How to Influence People Who Are Negative

by Mike Lally on February 5, 2013

Like it or not, from time to time, we are literally forced to deal with people in difficult situations where we face the daunting task of trying to persuade somebody who is simply not prepared to listen to accept something we justifiably believe is quite reasonable.
What can you do when any appeal you make is predestined to receive a resounding, automatic “no!” Of course, you can overcome the feeling of helplessness and move on, but it is frustrating and often leaves a bitter taste.
Is there a way to deal with these dispiriting people and actually manage to get what you want? A practical, down to earth, simple process would be helpful to overturn this apparently overwhelming desire to refuse any request made. Sadly, even a semblance of compromise is frequently dismissed.

We all want to get what we want and accept this is not always possible, but what can you do when a person in a position of authority simply shakes their head with a look of triumph in their eyes? Arguing the point and getting angry serves no purpose. This just results in strengthening the determination of the other person to dig in their heels. Ultimately, what is needed? Well, what if we had the ability to turn these natural pillars of stone into our allies?

The big question that needs to be answered is why is it far easier for some people to say “no” rather than “yes?” Well, perhaps for many it is a safer position to take. Taking a negative stand and steadfastly refusing something avoids any subsequent complication if a decision backfires, particularly if the decision in the affirmative may compromise a set of rules. So, best say “no” and any potential trouble will be avoided.

Where does this, perhaps understandable attitude, leave you? Maybe the best strategy to adopt if you can is to go ahead, take action, and do what you believe is best. In other words, don’t ask for permission. If the action you take turns out to be of no concern and ignored, all well and good. But what if the action you take is deemed to break someone’s rules? This is where it gets interesting. What should you do? Simply apologise. Ask for forgiveness. This approach seems to work surprisingly well most of the time and is a good tactic to adopt.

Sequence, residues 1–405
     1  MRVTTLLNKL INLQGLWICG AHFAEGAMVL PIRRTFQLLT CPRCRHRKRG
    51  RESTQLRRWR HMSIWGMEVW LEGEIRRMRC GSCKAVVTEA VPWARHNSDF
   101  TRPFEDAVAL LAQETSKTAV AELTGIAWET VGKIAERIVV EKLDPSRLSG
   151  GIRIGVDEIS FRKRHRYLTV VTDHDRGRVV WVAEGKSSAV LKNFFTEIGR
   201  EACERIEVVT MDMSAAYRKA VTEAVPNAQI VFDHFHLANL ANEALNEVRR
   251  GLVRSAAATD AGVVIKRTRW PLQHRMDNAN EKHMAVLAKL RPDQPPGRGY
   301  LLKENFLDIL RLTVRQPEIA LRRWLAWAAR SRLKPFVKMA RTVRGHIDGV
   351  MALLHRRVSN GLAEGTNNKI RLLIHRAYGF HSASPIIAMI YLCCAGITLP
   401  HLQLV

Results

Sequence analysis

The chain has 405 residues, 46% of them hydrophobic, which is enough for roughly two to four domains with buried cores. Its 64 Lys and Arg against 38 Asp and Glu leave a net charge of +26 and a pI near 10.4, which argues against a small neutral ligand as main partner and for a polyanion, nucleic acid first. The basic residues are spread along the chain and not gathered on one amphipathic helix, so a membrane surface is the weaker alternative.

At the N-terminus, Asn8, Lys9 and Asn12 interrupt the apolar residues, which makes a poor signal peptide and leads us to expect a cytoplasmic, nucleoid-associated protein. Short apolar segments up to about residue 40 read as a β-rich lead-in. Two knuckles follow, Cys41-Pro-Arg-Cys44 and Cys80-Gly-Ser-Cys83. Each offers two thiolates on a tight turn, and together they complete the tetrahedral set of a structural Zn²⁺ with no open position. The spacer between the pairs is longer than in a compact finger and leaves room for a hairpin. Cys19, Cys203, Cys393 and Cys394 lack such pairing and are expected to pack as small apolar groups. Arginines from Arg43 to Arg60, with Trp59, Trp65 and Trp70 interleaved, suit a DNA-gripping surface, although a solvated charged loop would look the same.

It seems that many people who have limited authority and the right to exercise a bit of power tend to get a bit carried away with this temporary position of strength. Armed with a set of rules they are put in a position of powerful and the power they have been given is usually lacking in other areas of their lives. So, they perversely seem to enjoy standing their ground; after all, they are armed with a rule book. It is tempting for these generally powerless people to doggedly take the opportunity to say “no”. Of course, the more you argue the worst it gets for you. It seems to me they could do with a bit of transformational coaching.
When you face a situation where the rule book rules, it is still possible to get a positive outcome. Ah, but how? If it’s a question of feeling empowered, why not abandon what you emotionally regard as fair and reasonable and instead ask for help?

Give up all forms of confrontation and frame a response along these lines: “I have a problem and I’m wondering if it would be possible for you to help me with it?” Why does this frequently work? Well, you have preserved their position of power and status because you are still subservient to them. It is amazing how well people respond when they are asked for help. It seems to make people feel good about themselves. To make this appeal even more positive it is wise to adopt a genuine supplicant attitude using the appropriate tone of voice and body language when you make your request.

Interestingly, you will find this approach works wonderfully well in most situations. So, bite your bottom lip, give it a go, and ask for help. Nicely, of course!

Summary
Why is it far easier for many people in positions of authority to say “no” rather than “yes” when you make a simple request for something reasonable? It is a safer position to take and by taking a negative stand and steadfastly refusing something avoids any subsequent complication if a decision backfires, particularly if the decision may compromise a set of rules. When you face a situation where the rule book rules, it is still possible to get a positive outcome. Why not abandon what you emotionally regard as fair and reasonable and instead ask for help?

Be Sociable, Share!

{ 0 comments… add one now }

Leave a Comment

*

Previous post:

Next post: